Friday Five: March 1969

5. “Dizzy” by Tommy Roe
Tommy Roe was more than a one-hit wonder. He had eight gold records and two number one pop hits——”Sheila” in 1962 and “Dizzy” in 1969. That’s an interesting spread considering the evolution in pop music in that time period. This song sat at the top of the charts for four weeks and sold more than two million copies in the US. It became a chart topper in the UK and Canada, too. I hope he’s still living off some of that success today.

4. “Give It Up or Turnit A Loose” by James Brown
James Brown was making some amazing music in the late 60s and early 70s and this hit is no exception. It hit the top of the R&B charts in March 1969. It has that soul groove that just sounds like the soundtrack for young, urban, Black folks on the move. Without many words he manages to communicate heaps of meaning when placed in the context of the moment.

3. “The Weight” by Aretha Franklin
I love that Aretha is covering songs that haven’t even been out that long and hitting the charts as she does. The Band released “The Weight” in August 1968 as the first single from their debut album. It started to make them a known entity in the world of rock but it didn’t do much in the US (it peaked at #63). Aretha released it the next spring and went to #3 on the R&B charts with her cover. It might be The Band’s signature tune, a reflection of their rural storytelling lyrics and, in the original, the raw beauty of Levon Helm’s voice and the group’s exquisite musicianship. Aretha makes the song her own, aided by her sheer force and presence, and the guitar work of the legendary Duane Allman behind her.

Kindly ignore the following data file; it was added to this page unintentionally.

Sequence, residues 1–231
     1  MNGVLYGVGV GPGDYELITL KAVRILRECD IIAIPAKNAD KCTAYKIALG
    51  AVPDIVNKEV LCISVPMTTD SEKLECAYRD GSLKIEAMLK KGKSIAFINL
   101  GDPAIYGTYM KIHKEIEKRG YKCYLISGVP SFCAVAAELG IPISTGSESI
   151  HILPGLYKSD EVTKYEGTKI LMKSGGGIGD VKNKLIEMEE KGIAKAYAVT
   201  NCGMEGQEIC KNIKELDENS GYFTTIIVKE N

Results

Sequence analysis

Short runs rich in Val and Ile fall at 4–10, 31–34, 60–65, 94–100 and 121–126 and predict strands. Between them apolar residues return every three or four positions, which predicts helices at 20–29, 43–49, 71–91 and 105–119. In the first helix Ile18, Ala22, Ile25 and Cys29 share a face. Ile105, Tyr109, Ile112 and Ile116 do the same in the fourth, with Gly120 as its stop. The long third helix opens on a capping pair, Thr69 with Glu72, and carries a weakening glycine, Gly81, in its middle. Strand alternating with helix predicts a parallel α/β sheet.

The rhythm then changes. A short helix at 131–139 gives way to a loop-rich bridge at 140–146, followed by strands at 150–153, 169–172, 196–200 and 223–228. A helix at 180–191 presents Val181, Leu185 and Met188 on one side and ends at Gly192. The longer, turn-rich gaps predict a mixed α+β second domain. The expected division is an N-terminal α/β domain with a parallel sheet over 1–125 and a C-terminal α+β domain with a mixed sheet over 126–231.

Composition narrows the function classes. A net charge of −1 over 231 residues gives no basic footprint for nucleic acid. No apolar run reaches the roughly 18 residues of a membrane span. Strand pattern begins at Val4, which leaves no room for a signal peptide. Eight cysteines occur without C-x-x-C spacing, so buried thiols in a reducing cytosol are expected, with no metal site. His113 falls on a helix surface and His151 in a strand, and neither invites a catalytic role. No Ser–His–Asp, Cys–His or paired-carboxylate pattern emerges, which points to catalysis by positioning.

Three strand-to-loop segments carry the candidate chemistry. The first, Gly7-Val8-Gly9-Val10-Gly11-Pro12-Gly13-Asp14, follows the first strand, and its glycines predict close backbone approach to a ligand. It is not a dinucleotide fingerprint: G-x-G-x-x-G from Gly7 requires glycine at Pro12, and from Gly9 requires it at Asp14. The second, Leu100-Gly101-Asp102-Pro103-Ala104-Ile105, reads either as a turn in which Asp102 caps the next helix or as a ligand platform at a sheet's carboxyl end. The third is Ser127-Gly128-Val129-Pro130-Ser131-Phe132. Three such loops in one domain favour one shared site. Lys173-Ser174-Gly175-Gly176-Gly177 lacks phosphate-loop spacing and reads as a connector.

2. “Time of the Season” by the Zombies
I wasn’t alive in 1969 but this song makes me think I can feel what it was like to have been. The bass and off beat clap got it going on. Add the guitar riff, vocals, and keyboard, and you’ve got quite a little sample of psychedelic pop. It peaked at #3 in March 1969.

1. “Aquarius/Let the Sunshine In” by The 5th Dimension
Talk about feeling like the 60s. Although this one is more contrived than the other. It’s a medley from a broadway production about hippies sung by an African American vocal group. I’ll leave it to somebody who was around back then to explain the rest. It peaked at #4 in March 1969 and reigned at #1 for six weeks between April and May. The Beatles would finally knock them out of the top spot with “Get Back.”

Friday Five: March 1968

5. “Just Dropped In (To See What Condition My Condition Was In)” by Kenny Rogers and the First Edition
Country legend Kenny Rogers’ first hit (it peaked at #5 on the Hot 100) wasn’t a country song, it was a psychedelic song that takes us on the journey of an acid trip. It was supposed to caution people against doing LSD but I doubt that message got across. Check out the band’s “performance” on The Smother Brothers Comedy Hour. I don’t ever recall hearing the song until 1997’s The Big Lebowski, which embraced the comedic potential of the song beautifully.

4. “I Thank You” by Sam & Dave
This Sam and Dave classic barely cracked the Top Ten on the Hot 100 and it peaked at #4 on the R&B charts. Its moderate success hardly begins to capture its endurance. It lives on into our present as a standard for rhythm and blues bands everywhere.

3. “Take Me To Your World” by Tammy Wynette